Fat Over Lean: Still Life Paintings of Food (Updated)

01_fries.cezanne
McDonald’s Fries (Cezanne watercolor)
Pepsi (After Preyer)
Pepsi (Preyer)
DQ (After Steigrad)
Dairy Queen Onion Rings (Steigrad)
McDonalds (After Cezanne oil color)
McDonald’s Cheeseburger + Drink (Cezanne)
Poptarts (Cotan)
Poptarts (Cotan)
Jello-O Pudding + Hostess Cupcake (Van Gogh)
Jello-O Pudding + Hostess Cupcake (Van Gogh)
Honey Nut Cheerios (Claesz)
Honey Nut Cheerios (Claesz)
Dairy Queen Blizzard Cup (Chardin)
Dairy Queen Blizzard Cup (Chardin)
McDonald's Filet-o-Fish Sandwich (Claesz)
McDonald’s Filet-o-Fish Sandwich (Claesz)
KFC Chicken Snack Box (van de Velde)
KFC Chicken Snack Box (van de Velde)

For this series, Fat Over Lean ( a technical term used by classically-trained oil painters), I digitally combined images of still life paintings by master artists of food sources contemporary to their creation, with images of manufactured items created and available almost everywhere in North America, commonly referred to as “junk food” or “fast food.”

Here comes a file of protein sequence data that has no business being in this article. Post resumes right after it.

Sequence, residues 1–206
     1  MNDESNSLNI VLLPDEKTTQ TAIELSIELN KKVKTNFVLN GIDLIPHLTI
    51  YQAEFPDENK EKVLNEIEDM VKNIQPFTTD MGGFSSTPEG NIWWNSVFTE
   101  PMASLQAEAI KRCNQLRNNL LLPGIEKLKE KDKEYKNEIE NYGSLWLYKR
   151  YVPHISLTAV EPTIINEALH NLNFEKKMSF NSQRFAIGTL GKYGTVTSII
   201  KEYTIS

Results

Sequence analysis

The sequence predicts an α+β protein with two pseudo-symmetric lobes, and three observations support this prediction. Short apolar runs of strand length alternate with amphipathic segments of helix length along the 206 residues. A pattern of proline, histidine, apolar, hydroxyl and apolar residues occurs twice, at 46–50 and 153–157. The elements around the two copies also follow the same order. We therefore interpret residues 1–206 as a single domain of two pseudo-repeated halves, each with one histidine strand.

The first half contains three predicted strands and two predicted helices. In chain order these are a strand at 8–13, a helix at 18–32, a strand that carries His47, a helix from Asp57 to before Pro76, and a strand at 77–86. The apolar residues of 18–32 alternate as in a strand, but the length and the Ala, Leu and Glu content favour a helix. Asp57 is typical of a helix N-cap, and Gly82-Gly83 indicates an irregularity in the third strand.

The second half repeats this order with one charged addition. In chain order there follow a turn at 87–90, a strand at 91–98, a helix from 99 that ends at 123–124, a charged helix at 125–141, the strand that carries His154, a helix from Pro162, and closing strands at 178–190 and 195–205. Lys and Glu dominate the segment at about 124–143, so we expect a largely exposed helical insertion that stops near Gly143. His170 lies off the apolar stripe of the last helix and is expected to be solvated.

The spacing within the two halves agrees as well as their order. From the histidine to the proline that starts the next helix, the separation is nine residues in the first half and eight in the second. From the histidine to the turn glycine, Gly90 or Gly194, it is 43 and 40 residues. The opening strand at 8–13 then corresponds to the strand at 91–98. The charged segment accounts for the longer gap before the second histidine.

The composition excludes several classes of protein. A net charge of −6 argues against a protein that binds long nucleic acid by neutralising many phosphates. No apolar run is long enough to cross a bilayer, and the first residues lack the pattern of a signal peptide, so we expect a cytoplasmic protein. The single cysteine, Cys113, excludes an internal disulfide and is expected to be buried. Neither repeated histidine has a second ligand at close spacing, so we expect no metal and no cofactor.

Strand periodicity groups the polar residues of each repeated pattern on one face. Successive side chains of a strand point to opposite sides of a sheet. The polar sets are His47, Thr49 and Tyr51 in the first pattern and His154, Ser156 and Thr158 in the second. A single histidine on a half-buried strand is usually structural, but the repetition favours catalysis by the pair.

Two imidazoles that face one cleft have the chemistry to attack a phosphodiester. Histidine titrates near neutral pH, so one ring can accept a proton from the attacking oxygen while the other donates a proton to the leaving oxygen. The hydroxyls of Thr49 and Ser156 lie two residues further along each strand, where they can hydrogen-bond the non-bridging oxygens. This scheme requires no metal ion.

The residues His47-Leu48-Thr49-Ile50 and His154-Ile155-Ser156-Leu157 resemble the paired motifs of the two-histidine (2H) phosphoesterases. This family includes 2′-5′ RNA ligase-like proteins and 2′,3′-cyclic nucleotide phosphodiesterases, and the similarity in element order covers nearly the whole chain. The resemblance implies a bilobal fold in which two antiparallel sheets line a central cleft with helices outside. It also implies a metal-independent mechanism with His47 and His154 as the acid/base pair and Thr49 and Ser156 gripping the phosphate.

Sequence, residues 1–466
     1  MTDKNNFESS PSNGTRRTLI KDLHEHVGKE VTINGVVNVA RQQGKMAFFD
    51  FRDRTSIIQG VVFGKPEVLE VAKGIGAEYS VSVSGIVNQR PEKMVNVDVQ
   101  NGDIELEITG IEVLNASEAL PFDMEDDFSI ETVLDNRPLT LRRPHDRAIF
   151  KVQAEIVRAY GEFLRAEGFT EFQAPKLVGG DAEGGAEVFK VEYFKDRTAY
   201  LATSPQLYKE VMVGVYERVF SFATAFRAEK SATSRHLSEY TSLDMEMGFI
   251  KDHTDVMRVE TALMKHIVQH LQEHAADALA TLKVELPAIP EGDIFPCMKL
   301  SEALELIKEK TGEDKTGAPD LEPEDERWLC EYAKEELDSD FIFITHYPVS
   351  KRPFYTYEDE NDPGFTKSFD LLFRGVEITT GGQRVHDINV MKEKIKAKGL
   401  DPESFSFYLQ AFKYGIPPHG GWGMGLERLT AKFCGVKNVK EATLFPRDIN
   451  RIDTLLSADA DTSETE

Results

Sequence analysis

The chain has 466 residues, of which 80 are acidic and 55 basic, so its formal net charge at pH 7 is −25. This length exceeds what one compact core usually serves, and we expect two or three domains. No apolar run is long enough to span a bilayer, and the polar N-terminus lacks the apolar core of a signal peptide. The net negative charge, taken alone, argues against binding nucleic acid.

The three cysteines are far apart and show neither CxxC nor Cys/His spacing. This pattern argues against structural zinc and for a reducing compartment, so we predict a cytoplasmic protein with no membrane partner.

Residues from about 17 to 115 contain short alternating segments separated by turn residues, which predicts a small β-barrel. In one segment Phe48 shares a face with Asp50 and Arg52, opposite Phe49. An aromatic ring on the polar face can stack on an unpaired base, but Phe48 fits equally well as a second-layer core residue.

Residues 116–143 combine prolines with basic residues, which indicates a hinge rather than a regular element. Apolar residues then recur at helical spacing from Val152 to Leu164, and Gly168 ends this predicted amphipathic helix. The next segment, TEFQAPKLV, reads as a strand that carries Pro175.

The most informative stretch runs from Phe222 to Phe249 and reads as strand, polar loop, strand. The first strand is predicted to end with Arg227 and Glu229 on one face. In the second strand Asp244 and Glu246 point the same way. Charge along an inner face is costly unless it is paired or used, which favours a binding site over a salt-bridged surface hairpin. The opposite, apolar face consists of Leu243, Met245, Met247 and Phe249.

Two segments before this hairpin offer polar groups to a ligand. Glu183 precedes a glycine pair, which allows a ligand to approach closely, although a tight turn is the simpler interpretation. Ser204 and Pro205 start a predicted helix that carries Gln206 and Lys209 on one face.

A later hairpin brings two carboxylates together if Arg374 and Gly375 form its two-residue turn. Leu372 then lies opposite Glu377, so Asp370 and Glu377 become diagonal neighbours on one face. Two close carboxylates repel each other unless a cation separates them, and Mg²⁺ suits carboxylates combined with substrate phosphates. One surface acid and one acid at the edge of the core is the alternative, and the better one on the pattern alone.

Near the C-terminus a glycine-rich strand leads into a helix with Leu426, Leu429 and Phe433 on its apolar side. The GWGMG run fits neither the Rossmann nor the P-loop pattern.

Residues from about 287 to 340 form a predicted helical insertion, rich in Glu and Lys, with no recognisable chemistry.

In contemplating contemporary food consumption, one of the major underlying issues is the degree to which consumers have allowed corporations to dictate their food choices. Many of us seem to be less concerned with the nutritional value, source of origin, or even aesthetic value of the food we eat today. Instead, all of these things are readily sacrificed to a high-level of conceived convenience—combined with the instant gratification that liberal amounts of fat and sugar allow.

By inserting images of mass-manufactured food into master paintings, my intent is to create a harsh juxtaposition which at first glance might elicit amusement, but is designed to promote a reflective sense for a time when provisions meant to end up on the dinner table could provide such rich, visceral icons that we might (just might) consider abandoning the offer of mere convenience and its empty calories for heartier, yet healthier fare.

Photographic Art / Digital Imagery